There’s no free lunch is a saying that I’ve heard since I was a little boy, and it rings as true today as it did those so many years ago. I was just doing some work on one of my blogs and updating a few of the programs and I found what was called a “free” app that I thought I would install. So I installed the app, activated it, and then I got the request for extra information that they require before I could use this “free” app. So what is all this information that they require? First they wanted my e-mail address, then they wanted my name, my age, occupation, sex, country of residence, then they wanted me to sign up for their “free” newsletter.
So is this app really free? Not at all!! What the company is doing is they’re making apps that will harvest personal information, so instead of you actually paying with money you’re paying with the information that you give these companies. Some of the companies are quite legit and all they want is to find out who is using the app, and what you’re using it for. Then they will be able to market this feature to other people that fit into the right demographics. This is relatively harmless as all we do is trade information for a app or a feature that we want.
Other companies are not quite so harmless in what they plan to do with the information that they obtain. Many companies will sell your information to other companies that want to sell to you. Say for instance a company knows that I’m a photographer, this will allow them to sell my information to other companies that want to sell me things that would fit in with my photography interest. Things such as photography equipment, training, photography related vacations, and other photography products that I may be interested in.
Still these are not the really bad companies that are out there harvesting your information. There are also many companies that try to compile all the information they can about a person so they can not only market to the person but they could technically take over the person’s life as they know so much about them. Say for instance a web site that you go to, or free app that you install requests your e-mail address and country of residence. Then the next website, program or app requests your e-mail address, your age and your sex. Then the next site, program or app requests your e-mail address as well as your city, and occupation. Then the next on requests your e-mail address as well as your annual income. So you’ve now gone to four websites or you’ve installed four free apps or programs or a combination of these and each has requested your personal information. The company that has been doing the fishing now knows your e-mail address, name, country of residence, your age, your sex, your city, your occupation, and your annual income if not a lot more as you have answered different questions. All this is done in such a way that you don’t even know you gave all this information to the same organization. This can be pretty scary as now the company that has been doing the fishing knows a pile of information about you.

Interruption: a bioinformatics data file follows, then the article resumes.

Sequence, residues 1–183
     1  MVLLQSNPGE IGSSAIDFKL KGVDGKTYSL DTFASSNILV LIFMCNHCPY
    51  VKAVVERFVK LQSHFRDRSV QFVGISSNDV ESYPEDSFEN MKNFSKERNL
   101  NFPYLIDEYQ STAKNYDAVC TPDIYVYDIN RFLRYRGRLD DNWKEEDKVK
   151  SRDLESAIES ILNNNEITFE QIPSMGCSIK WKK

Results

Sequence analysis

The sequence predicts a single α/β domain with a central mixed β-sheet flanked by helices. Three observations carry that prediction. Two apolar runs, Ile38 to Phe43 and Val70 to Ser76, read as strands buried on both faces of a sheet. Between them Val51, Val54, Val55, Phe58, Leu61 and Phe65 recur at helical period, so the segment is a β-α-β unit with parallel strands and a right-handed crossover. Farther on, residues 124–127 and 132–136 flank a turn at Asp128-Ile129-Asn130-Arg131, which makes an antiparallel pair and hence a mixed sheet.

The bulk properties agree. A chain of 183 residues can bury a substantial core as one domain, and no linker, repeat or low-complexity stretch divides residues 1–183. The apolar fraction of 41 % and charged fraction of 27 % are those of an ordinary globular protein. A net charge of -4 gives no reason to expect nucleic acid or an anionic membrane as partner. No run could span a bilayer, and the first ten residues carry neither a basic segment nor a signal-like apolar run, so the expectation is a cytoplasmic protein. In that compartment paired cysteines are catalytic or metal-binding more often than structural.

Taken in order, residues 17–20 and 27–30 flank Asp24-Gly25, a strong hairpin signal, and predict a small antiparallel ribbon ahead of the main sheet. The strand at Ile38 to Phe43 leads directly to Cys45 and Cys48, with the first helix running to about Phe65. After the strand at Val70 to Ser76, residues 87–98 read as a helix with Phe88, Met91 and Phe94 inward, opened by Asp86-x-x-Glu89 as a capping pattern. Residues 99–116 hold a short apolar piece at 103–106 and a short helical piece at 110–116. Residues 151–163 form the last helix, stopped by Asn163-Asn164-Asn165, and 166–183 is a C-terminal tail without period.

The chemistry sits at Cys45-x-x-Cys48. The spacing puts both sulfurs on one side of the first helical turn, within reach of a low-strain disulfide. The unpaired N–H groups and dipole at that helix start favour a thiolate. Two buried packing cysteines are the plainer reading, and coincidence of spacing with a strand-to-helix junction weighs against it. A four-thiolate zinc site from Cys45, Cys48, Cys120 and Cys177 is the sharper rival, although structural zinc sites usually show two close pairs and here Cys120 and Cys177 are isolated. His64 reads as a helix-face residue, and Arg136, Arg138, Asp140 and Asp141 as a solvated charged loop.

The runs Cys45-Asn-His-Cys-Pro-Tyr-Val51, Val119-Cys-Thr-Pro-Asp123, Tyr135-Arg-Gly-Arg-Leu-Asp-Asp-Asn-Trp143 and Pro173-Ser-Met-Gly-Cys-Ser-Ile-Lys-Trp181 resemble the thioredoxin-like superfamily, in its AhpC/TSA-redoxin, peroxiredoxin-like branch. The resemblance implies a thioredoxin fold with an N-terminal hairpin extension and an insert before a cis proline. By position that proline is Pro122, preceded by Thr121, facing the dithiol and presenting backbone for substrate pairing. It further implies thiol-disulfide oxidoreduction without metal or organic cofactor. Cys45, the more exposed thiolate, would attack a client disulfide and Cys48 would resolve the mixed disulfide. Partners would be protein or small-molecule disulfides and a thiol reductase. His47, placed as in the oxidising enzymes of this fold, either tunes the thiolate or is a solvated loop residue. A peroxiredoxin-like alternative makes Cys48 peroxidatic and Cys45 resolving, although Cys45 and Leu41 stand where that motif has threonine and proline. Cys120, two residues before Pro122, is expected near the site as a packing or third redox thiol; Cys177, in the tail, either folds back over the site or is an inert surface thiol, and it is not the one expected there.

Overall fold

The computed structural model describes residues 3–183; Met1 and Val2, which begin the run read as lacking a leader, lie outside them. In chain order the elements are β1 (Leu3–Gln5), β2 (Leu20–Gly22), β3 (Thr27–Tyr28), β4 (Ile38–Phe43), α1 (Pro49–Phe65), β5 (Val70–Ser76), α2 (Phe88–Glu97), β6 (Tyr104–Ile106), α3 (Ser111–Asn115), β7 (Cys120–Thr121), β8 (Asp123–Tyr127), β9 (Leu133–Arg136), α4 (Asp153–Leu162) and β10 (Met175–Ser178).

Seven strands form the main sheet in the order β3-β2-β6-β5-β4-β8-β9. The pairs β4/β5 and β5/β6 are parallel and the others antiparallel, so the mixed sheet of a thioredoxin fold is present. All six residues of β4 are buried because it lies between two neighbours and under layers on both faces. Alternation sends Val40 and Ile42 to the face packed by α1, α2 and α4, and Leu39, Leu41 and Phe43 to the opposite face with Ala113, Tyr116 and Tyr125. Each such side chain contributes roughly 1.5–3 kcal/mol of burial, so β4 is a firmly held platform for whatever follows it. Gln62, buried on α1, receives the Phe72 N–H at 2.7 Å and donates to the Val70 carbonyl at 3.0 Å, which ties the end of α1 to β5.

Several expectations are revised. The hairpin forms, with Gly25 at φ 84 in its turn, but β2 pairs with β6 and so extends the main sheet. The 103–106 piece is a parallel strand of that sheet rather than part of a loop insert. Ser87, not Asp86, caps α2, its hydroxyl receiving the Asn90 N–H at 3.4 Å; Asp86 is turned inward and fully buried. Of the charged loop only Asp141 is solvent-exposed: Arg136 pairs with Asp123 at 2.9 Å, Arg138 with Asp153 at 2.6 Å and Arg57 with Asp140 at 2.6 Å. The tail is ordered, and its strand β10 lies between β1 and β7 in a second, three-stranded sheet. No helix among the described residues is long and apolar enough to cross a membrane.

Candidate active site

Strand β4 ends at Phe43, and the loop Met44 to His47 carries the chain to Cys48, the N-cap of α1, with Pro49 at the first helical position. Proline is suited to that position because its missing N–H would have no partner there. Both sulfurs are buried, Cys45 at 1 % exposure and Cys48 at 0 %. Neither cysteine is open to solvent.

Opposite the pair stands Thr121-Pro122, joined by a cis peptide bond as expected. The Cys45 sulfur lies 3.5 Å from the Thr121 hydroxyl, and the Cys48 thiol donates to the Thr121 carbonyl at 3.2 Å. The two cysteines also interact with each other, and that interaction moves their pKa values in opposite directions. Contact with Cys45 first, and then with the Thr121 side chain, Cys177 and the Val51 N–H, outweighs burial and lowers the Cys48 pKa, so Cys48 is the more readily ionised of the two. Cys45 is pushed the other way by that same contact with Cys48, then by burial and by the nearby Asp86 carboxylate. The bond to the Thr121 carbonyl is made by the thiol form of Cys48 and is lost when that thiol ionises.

Add to this that many of the sites, or apps, or free programs require you to create a password and the company that has been doing the fishing now has several passwords in its database and they can figure out what other passwords you use just by comparing these. Say for instance on one web site you use a password called mike259, than on the next website use a password called mike260, than on the next website use a password called mike261, and so on and so on and so on. With this information the company can easily figure out what the run is on your passwords and if they really want to hack other sites that you are on they can use programs to do this and start with the information they already have.
So what should you do if you’re asked for personal information on web sites, programs, or apps? The best thing to do is be very careful what you give out. I use an e-mail address that is only used for submissions and registrations and is not my daily e-mail address. This way it if my submission e-mail account gets compromised I can shut it down and friends and customers can still reach me at my usual e-mail address. I also use a wide variety of passwords and make sure that my passwords are not similar to one another. One set of passwords may start with numbers, another one may start with an old nickname, another one may start with a friend’s name, etc., etc. If you want to be really cautious there are programs available that will generate a random passwords for you that you can then write down and enter on these different sites. As for the request for personal information many sites do not make this mandatory so you really do not have to answer the questions. Usually if it is mandatory the site will have a red asterisk next to the field and a note below it saying this is a mandatory field. If a site is requesting personal information and you do not feel comfortable giving it out (you should never give out personal information in my opinion) you can put in a bunch of non related answers to these sites. I keep recipe cards with what I’ve entered in case later on they asked me for this information to retrieve a password or to update something.
The best thing to do is to keep in the back of your mind that there is no free lunch and that once you give out your personal information there is no way to get it back, so be very careful with what you give out.